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Thursday, 28 April 2016

Rocco Venezia's Nekiya: A Journey Into the Land of the Dead

Next up on the overview of work from students on the Documentary Photography course at the University of South Wales is Nekiya by Rocco Venezia.

Essentially Nekiya is the idea of the journey of recovery of the self by flipping the conscious and the unconscious mind and travelling to those dark inner spaces where the real monsters lie. It's a trip to the underworld of the self in other words.

For Rocco, the symbolic recovery of the self, his trip to the underworld involved a literal trip to the River Acheron in Greece, the river that in Greek mythology separates the living world from the Underworld, from the Kingdom of Hades.

And of course it's taking place in Greece, which is undergoing its own crisis of self. So there is a mix of the personal, the symbolic, the mythical and the political. It's a work in progress, but it's ambitious and there's a story that is being told. It'll make a great book (and I've got my name down for a copy because he's making a bunch for the end of year show)!

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Wednesday, 27 April 2016

Molly Kempster and the Marginalisation of Women in Agriculture

all pictures by Molly Kempster

So I gave my last lecture in Room H8c in Caerleon a couple of days ago and yesterday I gave my last tutorials to third years there before the world's oldest Documentary Photography Course completes its move to Cardiff.  And so, as we head towards the end of year shows, it gets me a little bit sentimental.

After giving fifty odd lectures to these third years in the previous two years, the same number of seminars and numerous tutorials, it is a pleasure to see them write about their work and talk about their work and make their work (which I rarely get to see because I teach history and theory) in a way that goes beyond the content they have been given.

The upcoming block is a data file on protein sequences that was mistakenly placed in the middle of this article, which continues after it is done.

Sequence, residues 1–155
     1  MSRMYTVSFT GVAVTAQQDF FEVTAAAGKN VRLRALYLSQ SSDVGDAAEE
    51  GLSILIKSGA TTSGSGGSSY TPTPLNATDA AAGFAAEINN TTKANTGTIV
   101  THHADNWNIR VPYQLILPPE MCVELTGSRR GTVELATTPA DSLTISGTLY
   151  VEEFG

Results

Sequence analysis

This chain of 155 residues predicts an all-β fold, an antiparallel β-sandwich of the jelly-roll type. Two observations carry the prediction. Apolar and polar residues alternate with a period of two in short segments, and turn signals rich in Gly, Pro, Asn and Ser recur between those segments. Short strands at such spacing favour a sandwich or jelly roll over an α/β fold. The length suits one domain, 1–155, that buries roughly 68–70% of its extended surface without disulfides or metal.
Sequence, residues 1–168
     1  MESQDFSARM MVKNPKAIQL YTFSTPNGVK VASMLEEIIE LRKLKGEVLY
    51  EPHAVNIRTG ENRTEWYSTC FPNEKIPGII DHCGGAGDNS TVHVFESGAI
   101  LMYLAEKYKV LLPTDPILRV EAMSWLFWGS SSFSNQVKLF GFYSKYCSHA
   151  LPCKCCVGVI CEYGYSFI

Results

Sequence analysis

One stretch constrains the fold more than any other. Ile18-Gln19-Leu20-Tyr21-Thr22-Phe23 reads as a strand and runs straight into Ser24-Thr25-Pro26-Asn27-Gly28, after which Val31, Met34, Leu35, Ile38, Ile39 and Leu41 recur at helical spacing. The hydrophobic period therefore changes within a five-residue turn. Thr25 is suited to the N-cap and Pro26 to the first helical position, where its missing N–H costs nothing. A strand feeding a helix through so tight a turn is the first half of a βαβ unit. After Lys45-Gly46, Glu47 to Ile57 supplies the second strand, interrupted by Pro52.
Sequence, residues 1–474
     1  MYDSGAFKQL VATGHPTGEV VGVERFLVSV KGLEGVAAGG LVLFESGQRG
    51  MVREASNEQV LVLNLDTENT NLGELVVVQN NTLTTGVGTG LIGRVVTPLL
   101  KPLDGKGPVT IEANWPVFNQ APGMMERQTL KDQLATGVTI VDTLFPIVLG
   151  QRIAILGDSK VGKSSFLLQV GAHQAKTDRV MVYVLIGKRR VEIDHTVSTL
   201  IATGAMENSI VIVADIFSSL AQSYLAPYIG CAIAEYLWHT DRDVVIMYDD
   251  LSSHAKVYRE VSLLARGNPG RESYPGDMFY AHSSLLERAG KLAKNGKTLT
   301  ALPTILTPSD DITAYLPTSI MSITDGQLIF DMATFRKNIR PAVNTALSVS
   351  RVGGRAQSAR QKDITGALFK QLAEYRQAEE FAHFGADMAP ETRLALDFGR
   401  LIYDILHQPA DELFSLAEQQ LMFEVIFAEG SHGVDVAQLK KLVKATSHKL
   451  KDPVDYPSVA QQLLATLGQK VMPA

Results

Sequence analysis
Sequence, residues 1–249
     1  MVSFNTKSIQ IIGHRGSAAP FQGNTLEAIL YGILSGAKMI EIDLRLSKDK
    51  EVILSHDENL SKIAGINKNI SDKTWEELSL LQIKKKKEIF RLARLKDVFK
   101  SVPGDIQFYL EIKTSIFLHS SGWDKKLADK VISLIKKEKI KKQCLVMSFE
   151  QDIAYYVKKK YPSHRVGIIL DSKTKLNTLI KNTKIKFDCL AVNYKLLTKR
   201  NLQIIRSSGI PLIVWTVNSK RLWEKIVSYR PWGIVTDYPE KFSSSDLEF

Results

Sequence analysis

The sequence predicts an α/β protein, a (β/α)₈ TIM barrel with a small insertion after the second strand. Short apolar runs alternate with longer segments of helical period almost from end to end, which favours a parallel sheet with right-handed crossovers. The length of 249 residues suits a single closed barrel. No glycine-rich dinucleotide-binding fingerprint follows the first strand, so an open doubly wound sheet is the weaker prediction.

It's the idea that they have gone from having images, theories, ideas and histories put into their world to becoming people who are creating their own worlds. So hearing them talk is like receiving something back from their world - like getting a lecture, a seminar, a tutorial in return, somethng that isn't just theoretical in a distant way or image-based in a cold way, but something that connects back to the real world and examines how it has been shaped and understood over the years.

I've heard about the history of soil and how it has been mapped and shaped by the politics of land use, I've heard about Greek mythology and a photographer's personal journey to the depths of hell, about somebody who has learnt to live on the land, to fish and hunt, about the link between the heart and the land, about the body and ritual, and then some more.

In keeping with this, the next few posts will feature a series of works that are just coming to fruition for the end of year show. All these are from Documentary Photography course at USW and you can follow them at




First up is Molly Kempster. 'Blue Bib and Braces' portrays women working in agriculture in the UK. What I find most fascinating about the project, which is a straightforward documentary, is the way it links in to the history of women in agriculture, and the way they have been marginalised and written out of visual and social history since the dawn of the British agrarian revolution. Nothing happens by accident and visual representation counts. This is what Molly says about the project (which is still ongoing).